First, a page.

3. Does Brian Foley agree with the CDC that “A person is considered infected following a repeatedly reactive result from the EIA, confirmed by the Western blot test” regardless of the patient’s history?
  4. For test manufacturers such as Abbott Laboratories [1], “Specificity [is] based on an assumed zero prevalence of antibody to HIV-1 and/or HIV-2 in random donors”.  If this is the case must not we also conclude that positive tests in all healthy persons, including those in the above CDC study, are false positives?  It is possible to imagine that some of the healthy, no risk persons in this study could have been “random donors”.   If they are regarded as false positives by one group of evaluators how can they be regarded infected by another?  How would physicians, patients and their relatives react to this conundrum?  Would Brian Foley recommend antiretrovirals to such individuals?  Or their unborn children?
  5. In regard to point 4, since the  vast majority of seropositive individuals are clinically healthy, how can we avoid concluding “the global burden of HIV” is a gross misapprehension?
  6. If the American Red Cross, the CDC, the Association of State and Territorial Public Health Laboratory Directors, the FDA, The Consortium for Retrovirus Serology Standardization, the HIV experts and biotechnology companies cannot agree on a definition of a positive “confirmatory” Western blot, what hope do physicians or their patients have for interpreting these tests?

Brian also doubts that in the MultiCenter AIDS Cohort Studies a single “strong”  Western blot band was considered “proof” of HIV infection.  He also states “A single band may have been all that was required for enrollment in the study, but scientists rarely speak of “proof” of anything”.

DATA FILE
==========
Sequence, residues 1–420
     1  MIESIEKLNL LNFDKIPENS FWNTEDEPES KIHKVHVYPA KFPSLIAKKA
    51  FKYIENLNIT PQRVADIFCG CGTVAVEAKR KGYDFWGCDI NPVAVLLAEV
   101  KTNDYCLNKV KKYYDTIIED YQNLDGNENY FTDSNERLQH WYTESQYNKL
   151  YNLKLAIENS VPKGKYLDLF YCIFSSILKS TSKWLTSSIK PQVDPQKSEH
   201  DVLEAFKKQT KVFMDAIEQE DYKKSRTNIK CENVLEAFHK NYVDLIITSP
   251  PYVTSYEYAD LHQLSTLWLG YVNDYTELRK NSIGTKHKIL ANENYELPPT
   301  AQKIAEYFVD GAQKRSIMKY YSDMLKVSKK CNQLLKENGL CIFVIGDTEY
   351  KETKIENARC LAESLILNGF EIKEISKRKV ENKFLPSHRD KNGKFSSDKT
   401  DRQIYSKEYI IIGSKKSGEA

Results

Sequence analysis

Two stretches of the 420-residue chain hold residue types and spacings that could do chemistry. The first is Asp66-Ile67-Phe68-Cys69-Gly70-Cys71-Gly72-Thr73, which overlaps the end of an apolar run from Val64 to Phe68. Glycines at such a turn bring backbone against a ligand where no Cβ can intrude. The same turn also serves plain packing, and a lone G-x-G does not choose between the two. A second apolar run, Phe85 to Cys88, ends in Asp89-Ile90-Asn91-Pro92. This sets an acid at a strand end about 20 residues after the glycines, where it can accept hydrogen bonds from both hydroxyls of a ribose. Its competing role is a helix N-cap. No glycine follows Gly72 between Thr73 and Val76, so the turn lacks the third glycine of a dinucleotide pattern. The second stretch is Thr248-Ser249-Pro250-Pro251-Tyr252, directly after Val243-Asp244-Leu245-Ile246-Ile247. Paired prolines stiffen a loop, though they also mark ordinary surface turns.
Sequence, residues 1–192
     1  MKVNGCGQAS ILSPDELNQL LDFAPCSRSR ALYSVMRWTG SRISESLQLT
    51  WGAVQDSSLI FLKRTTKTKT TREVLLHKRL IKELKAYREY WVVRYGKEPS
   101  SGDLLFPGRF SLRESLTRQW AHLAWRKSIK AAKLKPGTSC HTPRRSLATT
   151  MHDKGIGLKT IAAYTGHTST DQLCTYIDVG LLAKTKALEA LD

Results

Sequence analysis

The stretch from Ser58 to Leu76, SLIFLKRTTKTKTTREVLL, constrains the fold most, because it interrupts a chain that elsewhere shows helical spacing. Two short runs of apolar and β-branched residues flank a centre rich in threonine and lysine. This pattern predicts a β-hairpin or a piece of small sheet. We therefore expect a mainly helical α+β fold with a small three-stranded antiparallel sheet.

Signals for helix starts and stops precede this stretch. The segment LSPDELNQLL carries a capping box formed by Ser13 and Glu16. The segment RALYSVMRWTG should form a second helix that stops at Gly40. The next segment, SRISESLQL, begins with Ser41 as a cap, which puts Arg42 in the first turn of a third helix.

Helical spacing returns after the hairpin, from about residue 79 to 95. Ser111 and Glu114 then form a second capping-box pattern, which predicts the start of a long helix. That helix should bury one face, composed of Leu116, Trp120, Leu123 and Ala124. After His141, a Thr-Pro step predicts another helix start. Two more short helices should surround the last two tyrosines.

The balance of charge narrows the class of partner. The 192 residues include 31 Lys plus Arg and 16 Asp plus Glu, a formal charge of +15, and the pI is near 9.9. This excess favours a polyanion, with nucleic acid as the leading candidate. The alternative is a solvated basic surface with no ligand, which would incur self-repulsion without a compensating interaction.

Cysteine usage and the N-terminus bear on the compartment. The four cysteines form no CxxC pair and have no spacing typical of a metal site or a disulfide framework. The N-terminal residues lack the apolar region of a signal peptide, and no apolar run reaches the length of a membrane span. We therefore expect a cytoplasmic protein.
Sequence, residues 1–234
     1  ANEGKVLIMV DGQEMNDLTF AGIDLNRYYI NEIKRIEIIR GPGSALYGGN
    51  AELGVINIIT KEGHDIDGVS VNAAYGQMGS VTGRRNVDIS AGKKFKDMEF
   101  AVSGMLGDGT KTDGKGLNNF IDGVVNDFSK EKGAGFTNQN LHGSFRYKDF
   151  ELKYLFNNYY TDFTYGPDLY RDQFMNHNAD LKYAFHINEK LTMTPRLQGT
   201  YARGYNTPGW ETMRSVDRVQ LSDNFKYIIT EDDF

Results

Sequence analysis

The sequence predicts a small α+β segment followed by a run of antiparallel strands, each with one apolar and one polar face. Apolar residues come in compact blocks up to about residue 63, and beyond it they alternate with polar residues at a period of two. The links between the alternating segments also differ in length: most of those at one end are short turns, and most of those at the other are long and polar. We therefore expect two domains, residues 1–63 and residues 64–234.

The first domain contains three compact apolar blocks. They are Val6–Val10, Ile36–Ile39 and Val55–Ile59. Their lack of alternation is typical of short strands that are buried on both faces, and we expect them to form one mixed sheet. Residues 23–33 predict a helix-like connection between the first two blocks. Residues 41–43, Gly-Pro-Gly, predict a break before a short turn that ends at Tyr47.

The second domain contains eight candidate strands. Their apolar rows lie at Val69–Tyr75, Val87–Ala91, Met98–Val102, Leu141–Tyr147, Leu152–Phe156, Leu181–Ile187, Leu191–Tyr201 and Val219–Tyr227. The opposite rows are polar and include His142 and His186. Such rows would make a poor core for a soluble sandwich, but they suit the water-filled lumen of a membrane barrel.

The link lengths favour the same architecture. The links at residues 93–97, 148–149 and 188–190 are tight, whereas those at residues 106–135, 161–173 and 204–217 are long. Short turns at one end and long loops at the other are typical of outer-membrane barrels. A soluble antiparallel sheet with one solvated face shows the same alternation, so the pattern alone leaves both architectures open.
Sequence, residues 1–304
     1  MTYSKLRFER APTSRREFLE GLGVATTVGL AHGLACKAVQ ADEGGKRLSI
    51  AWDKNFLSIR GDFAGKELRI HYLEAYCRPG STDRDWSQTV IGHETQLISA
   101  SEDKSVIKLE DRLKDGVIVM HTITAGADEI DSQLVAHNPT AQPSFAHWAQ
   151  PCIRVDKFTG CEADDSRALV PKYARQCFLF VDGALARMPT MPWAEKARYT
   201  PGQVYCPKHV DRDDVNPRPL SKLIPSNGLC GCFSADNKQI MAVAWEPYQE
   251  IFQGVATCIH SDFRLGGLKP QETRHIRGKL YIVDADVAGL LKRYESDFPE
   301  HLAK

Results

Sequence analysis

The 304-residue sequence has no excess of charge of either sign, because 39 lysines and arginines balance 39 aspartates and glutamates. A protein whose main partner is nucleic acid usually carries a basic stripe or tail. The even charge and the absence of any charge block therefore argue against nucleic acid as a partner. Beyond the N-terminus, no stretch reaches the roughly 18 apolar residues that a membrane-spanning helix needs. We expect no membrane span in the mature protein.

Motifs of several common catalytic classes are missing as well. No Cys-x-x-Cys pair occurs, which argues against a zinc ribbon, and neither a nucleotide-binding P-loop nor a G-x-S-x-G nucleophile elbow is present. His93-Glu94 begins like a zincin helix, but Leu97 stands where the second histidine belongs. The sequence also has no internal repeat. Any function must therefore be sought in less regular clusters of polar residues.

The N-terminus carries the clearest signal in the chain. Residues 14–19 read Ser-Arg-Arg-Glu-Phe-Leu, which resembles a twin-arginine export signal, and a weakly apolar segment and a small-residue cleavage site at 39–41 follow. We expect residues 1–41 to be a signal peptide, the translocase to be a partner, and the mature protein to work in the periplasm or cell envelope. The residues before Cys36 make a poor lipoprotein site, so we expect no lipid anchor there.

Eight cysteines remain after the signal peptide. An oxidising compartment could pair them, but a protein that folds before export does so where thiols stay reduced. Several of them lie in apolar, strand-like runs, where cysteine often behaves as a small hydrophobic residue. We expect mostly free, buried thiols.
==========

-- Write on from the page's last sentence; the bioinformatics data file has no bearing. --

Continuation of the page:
1. The 4954 men enrolled in the MACS were enrolled beginning in early 1984, that is, before the antibody tests were developed and long before they were introduced into routine, clinical practice.
  2. In “determining antibody to HIV…All specimens for which ELISA results suggested seroconversion, (ie increase from <0.5 to ³ 0.5 were examined by immunoblot techniques.  A score of 0 was assigned for a negative band, 1 for a weakly reactive band, 2 for a moderately reactive band, and 3 for a strongly reactive band to p15, p24, p31, p45, p53, p55, p64 or p120.  The scores of all bands were summed and a value ³ 3 was defined as positive, 2 as equivocal and £ 1 as negative.  [Even this has changed.  Nowadays one band is considered indeterminate].  The validity of this method has been evaluated by prospective assessment in this cohort”.  Thus (i) one “strong” band was considered a positive Western blot;  (ii) these data again show that the gold standard for the antibody tests was clinical data and not HIV itself [2].
  3. Since the band criteria for a positive WB have changed over time, including in the MACS, it is possible there are a number of gay men, alive or dead, who nowadays would not be considered HIV infected based on their earlier tests.   If they are sick or dead, why?